Meet The Archetypical Santorum Voter, Marilyn Overbeek

Voters like Marilyn Overbeek are more focused on abortion than anything else, don’t expect candidates to fix the economy, and just want a good Christian in office. “The other ones are kind of wishy-washy.”

KENTWOOD, Michigan — Republican voters gathered at the New Beginnings Restaurant this morning to meet Rick Santorum, who stopped in to shake hands in the run-up to tonight’s primary. Among them was Marilyn Overbeek, a woman from Alto, Michigan who exemplifies all the traits of the typical Santorum supporter: Christian values, excitement, and an aversion to white-collar snobbishness.

Overbeek arrived 25 minutes early for Santorum’s appearance, toting a baby named Eli who she’s babysitting as a favor for someone in her church and wearing a Michigan sweatshirt, a cross, and cross earrings. She found out about this campaign stop from a robocall her husband picked up last night.

Overbeek has been supporting Santorum for a few months, she says, and thinks “the other ones are kind of wishy-washy.”

“Romney’s kind of iffy with the abortion issue — he thought that women should have the right to choose,” Overbeek said. She described Romney as a “highfalutin guy. He can be kind of snobbish.”

Santorum “stands up for what’s right,” she said.

Like many Michigan families, the Overbeeks have fallen on hard times lately. She lost two jobs over the last several years — one of which, a job at a bank, she’d held for 25 years. One of her three sons is in Florida now because “they don’t have a lot of jobs around here.” (One of her sons, Bob Overbeek, once ran for Congress in Michigan’s 3rd district. The other recently got married; he met his wife online, but “I wish it was a Christian website,” Overbeek said.)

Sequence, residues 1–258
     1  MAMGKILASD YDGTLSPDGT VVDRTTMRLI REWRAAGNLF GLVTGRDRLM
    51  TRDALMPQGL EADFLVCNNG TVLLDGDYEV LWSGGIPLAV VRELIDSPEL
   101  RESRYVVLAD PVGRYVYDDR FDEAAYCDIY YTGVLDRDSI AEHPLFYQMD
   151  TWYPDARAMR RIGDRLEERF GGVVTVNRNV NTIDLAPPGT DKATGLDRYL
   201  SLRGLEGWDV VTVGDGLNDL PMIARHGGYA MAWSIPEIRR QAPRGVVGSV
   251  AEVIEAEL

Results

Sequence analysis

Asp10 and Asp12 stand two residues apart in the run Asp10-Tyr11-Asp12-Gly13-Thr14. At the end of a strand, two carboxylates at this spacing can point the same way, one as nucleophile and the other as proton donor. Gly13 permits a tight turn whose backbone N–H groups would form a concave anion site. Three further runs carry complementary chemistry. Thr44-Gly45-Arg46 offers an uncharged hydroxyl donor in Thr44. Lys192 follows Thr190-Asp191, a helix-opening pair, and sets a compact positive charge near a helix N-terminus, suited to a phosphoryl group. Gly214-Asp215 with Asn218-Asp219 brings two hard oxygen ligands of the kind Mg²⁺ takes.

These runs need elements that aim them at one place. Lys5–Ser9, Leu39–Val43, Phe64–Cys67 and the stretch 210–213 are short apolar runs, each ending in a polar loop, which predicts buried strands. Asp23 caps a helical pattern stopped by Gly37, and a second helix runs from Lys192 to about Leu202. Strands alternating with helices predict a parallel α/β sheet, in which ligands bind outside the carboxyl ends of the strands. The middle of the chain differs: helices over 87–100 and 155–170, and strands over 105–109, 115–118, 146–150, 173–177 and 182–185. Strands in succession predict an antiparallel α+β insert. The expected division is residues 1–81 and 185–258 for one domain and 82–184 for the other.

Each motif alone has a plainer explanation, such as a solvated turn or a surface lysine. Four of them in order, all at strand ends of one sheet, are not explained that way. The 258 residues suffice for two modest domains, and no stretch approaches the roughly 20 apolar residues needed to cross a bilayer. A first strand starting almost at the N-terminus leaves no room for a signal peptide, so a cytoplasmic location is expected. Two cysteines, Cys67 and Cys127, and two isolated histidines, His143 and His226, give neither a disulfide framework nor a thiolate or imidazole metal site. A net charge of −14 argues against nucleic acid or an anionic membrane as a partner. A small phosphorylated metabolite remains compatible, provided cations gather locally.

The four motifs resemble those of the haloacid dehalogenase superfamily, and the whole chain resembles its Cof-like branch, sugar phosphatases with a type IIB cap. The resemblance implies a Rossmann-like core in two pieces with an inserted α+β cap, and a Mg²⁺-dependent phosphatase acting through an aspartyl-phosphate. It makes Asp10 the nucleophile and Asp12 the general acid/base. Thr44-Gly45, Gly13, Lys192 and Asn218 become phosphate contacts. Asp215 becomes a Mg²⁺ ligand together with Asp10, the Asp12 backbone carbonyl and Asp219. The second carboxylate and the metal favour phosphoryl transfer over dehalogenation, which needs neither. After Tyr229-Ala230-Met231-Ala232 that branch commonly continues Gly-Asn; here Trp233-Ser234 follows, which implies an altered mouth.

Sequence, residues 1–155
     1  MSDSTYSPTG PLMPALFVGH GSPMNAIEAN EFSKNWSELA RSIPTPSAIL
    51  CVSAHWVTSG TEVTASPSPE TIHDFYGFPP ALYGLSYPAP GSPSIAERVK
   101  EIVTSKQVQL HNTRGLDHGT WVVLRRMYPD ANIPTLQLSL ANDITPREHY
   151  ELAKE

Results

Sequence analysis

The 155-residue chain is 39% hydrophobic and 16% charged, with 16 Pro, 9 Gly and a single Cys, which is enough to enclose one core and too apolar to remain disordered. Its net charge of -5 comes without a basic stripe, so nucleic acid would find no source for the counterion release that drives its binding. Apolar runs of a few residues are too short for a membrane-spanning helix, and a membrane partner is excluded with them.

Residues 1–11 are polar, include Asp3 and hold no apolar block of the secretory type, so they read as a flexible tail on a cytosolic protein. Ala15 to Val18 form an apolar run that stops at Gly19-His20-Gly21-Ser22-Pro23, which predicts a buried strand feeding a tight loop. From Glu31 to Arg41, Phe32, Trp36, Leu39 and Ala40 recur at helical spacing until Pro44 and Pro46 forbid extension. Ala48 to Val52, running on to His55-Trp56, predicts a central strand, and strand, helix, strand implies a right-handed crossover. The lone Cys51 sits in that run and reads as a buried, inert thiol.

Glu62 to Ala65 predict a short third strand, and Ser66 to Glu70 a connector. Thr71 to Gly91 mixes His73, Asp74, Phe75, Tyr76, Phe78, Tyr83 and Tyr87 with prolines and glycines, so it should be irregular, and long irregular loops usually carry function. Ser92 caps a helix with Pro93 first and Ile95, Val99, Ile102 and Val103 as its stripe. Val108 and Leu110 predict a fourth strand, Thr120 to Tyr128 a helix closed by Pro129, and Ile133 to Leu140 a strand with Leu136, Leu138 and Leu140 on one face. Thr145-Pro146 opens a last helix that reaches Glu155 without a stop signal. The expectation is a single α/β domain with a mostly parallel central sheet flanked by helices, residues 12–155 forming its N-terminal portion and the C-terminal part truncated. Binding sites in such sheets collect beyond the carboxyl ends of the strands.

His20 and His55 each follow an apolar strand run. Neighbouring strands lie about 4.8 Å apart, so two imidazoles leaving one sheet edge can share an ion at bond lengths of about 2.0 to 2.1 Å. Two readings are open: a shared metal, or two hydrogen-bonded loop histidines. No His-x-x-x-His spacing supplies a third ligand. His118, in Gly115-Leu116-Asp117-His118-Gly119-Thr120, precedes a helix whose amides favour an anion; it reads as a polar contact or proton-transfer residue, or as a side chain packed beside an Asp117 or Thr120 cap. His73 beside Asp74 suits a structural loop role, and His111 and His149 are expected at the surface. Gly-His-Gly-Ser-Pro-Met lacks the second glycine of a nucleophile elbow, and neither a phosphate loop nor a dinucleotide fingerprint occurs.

Despite her family’s trials, her focus this election isn’t on economic issues — Santorum’s stances on social issues are what are driving her to vote for him. Her husband is also a Santorum fan.

The family at the next table, Greg and Beth Miller of Grand Rapids, joined the conversation to add that they weren’t letting economic issues influence their voting either — even though Greg recently lost his construction job.

“I’m not going to pick a candidate based on who’s going to get me a job,” Greg said. “I like Santorum’s values.”

Before leaving to go vote, Overbeek managed to snap a photo of Santorum, who stayed in the restaurant for about five minutes.

“With God’s permission, he’ll be the candidate,” Overbeek said.

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